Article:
Report an injury or work-related illness

What is an injury?

An injury incident can be:

  • Immediate: A fall, a needlestick, an exposure to chemicals or infectious disease, an act of violence, a sprain or acute strain
  • Gradual: Repetitive strain injury or chronic pain
  • Mental health related: Stress and trauma can affect you immediately after an incident, or at a later time. If mental distress is related to your work, it can be considered an injury.
  • A work-related illness or an occupational disease

Never let anyone stop you from reporting an injury, no matter how small it may seem. This includes supervisors or any other person in authority.

Damage and pain from injuries can show up later, so it is important to record what happened at the time.

How to report an injury

  1. Tell your supervisor or manager immediately about the injury. If you need to leave your work area to seek first aid, inform them.Seek first aid treatment or medical treatment as soon as possible. Make sure you explain the incident/injury happened at work and how.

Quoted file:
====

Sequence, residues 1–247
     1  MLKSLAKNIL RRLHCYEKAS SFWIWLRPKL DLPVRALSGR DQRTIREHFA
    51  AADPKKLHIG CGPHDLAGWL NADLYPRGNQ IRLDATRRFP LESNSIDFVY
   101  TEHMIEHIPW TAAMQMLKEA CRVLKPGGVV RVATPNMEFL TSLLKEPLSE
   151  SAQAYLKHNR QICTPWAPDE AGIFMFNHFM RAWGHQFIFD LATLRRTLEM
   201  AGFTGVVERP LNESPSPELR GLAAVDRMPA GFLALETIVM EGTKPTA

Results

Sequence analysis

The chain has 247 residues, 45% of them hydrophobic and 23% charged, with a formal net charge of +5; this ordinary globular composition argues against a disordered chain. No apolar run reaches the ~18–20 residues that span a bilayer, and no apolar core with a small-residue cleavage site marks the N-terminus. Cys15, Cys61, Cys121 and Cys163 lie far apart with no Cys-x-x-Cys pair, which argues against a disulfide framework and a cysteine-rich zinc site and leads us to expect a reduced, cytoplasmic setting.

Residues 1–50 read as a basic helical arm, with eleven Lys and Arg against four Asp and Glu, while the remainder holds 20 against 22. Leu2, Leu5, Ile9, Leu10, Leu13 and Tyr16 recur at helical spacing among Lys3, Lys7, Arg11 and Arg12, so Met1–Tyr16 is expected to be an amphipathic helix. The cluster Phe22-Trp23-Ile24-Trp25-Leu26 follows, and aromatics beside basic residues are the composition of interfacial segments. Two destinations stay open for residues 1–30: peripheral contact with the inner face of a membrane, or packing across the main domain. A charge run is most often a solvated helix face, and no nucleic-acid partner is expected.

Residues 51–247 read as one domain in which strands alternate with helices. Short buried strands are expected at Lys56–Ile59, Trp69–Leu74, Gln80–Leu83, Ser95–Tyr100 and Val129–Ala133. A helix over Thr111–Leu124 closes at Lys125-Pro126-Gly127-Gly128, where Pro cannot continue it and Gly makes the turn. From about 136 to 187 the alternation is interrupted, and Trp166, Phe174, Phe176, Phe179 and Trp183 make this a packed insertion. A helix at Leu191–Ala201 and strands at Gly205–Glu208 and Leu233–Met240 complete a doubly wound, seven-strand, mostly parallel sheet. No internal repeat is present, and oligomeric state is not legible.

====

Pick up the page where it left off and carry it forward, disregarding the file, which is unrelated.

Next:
2. Report the injury to your employer.
    • Health Authority employees call the Workplace Health Call Centre at 1-866-922-9464  
    • Affiliate/Independent employees fill out an Incident/Injury Report. Ask your supervisor for the form.
  3. Ask for a copy of your report from your employer.
  4. File a claim with WorkSafeBC if you missed time from work or needed medical treatment. There are three different ways to file a claim:
  5. Tell your JOHS worker representative about the injury, so you can participate in any investigation.
  6. Follow up with your JOHSC worker representative to see when and how  changes will be made to correct the safety issue.

Download HEU's "How to Report an Injury or Work-related Illness" information sheet.

Other types of incidents

Hazard: A thing or condition that could lead to an incident. Report hazards to keep incidents from occurring. Find out more about Hazards.

Near miss incident: An event that had the potential to cause injury or work-related illness. Find out more about "Near Miss" incidents.